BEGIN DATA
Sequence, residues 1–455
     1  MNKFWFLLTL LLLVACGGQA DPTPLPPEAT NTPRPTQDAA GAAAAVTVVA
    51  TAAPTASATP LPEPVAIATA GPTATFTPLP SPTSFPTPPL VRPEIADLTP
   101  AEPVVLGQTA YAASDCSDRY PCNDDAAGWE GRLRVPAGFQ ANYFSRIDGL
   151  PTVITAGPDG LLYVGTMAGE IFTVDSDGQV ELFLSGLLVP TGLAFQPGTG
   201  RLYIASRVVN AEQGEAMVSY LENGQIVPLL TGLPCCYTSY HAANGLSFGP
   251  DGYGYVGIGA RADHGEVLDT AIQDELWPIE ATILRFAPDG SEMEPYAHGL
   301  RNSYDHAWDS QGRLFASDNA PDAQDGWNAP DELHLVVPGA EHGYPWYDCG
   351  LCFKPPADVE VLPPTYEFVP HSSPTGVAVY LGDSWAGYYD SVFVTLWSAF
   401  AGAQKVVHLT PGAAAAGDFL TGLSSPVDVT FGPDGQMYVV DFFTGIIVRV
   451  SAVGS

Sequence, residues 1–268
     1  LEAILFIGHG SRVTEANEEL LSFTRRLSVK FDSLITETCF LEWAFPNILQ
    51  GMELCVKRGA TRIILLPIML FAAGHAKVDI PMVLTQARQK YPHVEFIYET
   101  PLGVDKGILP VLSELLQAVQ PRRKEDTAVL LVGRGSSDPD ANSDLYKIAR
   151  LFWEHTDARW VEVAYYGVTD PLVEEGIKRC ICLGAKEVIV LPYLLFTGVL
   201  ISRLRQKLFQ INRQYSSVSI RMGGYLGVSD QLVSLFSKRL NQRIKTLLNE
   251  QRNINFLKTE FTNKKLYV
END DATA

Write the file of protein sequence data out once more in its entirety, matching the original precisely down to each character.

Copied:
Sequence, residues 1–455
     1  MNKFWFLLTL LLLVACGGQA DPTPLPPEAT NTPRPTQDAA GAAAAVTVVA
    51  TAAPTASATP LPEPVAIATA GPTATFTPLP SPTSFPTPPL VRPEIADLTP
   101  AEPVVLGQTA YAASDCSDRY PCNDDAAGWE GRLRVPAGFQ ANYFSRIDGL
   151  PTVITAGPDG LLYVGTMAGE IFTVDSDGQV ELFLSGLLVP TGLAFQPGTG
   201  RLYIASRVVN AEQGEAMVSY LENGQIVPLL TGLPCCYTSY HAANGLSFGP
   251  DGYGYVGIGA RADHGEVLDT AIQDELWPIE ATILRFAPDG SEMEPYAHGL
   301  RNSYDHAWDS QGRLFASDNA PDAQDGWNAP DELHLVVPGA EHGYPWYDCG
   351  LCFKPPADVE VLPPTYEFVP HSSPTGVAVY LGDSWAGYYD SVFVTLWSAF
   401  AGAQKVVHLT PGAAAAGDFL TGLSSPVDVT FGPDGQMYVV DFFTGIIVRV
   451  SAVGS

Sequence, residues 1–268
     1  LEAILFIGHG SRVTEANEEL LSFTRRLSVK FDSLITETCF LEWAFPNILQ
    51  GMELCVKRGA TRIILLPIML FAAGHAKVDI PMVLTQARQK YPHVEFIYET
   101  PLGVDKGILP VLSELLQAVQ PRRKEDTAVL LVGRGSSDPD ANSDLYKIAR
   151  LFWEHTDARW VEVAYYGVTD PLVEEGIKRC ICLGAKEVIV LPYLLFTGVL
   201  ISRLRQKLFQ INRQYSSVSI RMGGYLGVSD QLVSLFSKRL NQRIKTLLNE
   251  QRNINFLKTE FTNKKLYV